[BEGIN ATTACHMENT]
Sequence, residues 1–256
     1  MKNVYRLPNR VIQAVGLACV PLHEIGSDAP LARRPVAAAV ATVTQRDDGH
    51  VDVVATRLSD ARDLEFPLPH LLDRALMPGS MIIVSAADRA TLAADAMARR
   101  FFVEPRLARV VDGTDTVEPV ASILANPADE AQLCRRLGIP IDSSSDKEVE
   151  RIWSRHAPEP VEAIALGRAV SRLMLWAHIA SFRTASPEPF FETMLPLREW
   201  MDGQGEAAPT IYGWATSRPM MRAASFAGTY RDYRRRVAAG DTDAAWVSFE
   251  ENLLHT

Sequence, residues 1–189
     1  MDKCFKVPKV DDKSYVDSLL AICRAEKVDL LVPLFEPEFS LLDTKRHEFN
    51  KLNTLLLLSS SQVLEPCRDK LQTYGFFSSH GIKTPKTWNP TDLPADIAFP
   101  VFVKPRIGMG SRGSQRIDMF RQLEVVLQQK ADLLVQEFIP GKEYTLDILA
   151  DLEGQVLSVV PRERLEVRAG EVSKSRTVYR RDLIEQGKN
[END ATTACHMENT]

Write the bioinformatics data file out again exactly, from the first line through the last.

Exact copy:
Sequence, residues 1–256
     1  MKNVYRLPNR VIQAVGLACV PLHEIGSDAP LARRPVAAAV ATVTQRDDGH
    51  VDVVATRLSD ARDLEFPLPH LLDRALMPGS MIIVSAADRA TLAADAMARR
   101  FFVEPRLARV VDGTDTVEPV ASILANPADE AQLCRRLGIP IDSSSDKEVE
   151  RIWSRHAPEP VEAIALGRAV SRLMLWAHIA SFRTASPEPF FETMLPLREW
   201  MDGQGEAAPT IYGWATSRPM MRAASFAGTY RDYRRRVAAG DTDAAWVSFE
   251  ENLLHT

Sequence, residues 1–189
     1  MDKCFKVPKV DDKSYVDSLL AICRAEKVDL LVPLFEPEFS LLDTKRHEFN
    51  KLNTLLLLSS SQVLEPCRDK LQTYGFFSSH GIKTPKTWNP TDLPADIAFP
   101  VFVKPRIGMG SRGSQRIDMF RQLEVVLQQK ADLLVQEFIP GKEYTLDILA
   151  DLEGQVLSVV PRERLEVRAG EVSKSRTVYR RDLIEQGKN